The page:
Peggy Glanville-Hicks was a remarkable woman. Although scarcely known in the country of her birth, she is arguably one of our best-known and loved composers overseas, having spent by far the greater part of her life in New York, London and Greece. She was born in Melbourne in 1912, and began her composition studies at the Albert Street Conservatorium under Fritz Hart. In the early 1930s she won a scholarship which took her overseas for further study at the Royal College of Music in London – composition with Ralph Vaughan Williams, piano with the Australian pianist and composer Arthur Benjamin, conducting with Constant Lambert and Sir Malcolm Sargent. Another scholarship (shared with fellow RCM student Stanley Bate) took her to the Continent, to Vienna. As a woman composer at a time when this was still a novelty, Peggy’s choice of teacher was limited – to one; in spite of her impressive achievements at the Royal College of Music (including the composition of an opera, Caedmon), the only teacher who would take her on was Egon Wellesz. Notsurprisingly, given her solid background in the English pastoral style, Wellesz’ Schoenbergian aesthetic did not suit Peggy, and two and a half months after starting classes in Vienna, she boarded a train back to Paris, declaring that she did not want to be a ‘twelve-tone rower’.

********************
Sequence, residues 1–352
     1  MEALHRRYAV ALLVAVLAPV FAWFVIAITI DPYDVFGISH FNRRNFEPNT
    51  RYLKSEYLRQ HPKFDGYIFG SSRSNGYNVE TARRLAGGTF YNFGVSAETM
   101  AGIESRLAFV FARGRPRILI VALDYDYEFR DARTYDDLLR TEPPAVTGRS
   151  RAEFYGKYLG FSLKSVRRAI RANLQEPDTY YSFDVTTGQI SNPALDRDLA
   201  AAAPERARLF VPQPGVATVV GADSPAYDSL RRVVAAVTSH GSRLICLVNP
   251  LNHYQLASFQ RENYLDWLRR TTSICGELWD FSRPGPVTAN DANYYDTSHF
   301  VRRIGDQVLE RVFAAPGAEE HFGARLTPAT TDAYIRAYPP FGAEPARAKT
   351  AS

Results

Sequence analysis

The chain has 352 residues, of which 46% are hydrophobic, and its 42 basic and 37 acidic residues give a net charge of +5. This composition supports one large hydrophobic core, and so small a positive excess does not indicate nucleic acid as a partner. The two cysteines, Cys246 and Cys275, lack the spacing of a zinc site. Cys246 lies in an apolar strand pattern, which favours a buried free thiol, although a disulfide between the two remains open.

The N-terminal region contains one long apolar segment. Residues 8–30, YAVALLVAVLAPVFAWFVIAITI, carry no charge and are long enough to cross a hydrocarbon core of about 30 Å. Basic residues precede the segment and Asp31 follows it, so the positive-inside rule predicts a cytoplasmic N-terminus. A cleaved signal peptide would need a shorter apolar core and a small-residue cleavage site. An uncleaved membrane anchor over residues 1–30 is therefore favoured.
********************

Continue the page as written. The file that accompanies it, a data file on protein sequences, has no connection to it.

In Paris was the famous composition teacher Nadia Boulanger. Peggy had applied to her earlier for acceptance as a student and had received no reply. Having tried the Viennese school of thought, she was determined to be taken on by Boulanger to learn about neoclassicism. She achieved her goal, through much pestering of the eminent teacher at social functions and on doorsteps, and her reports of Boulanger’s teaching were so glowing that they Stanley Bate abandoned his studies with Hindemith in Berlin and joined her in Paris.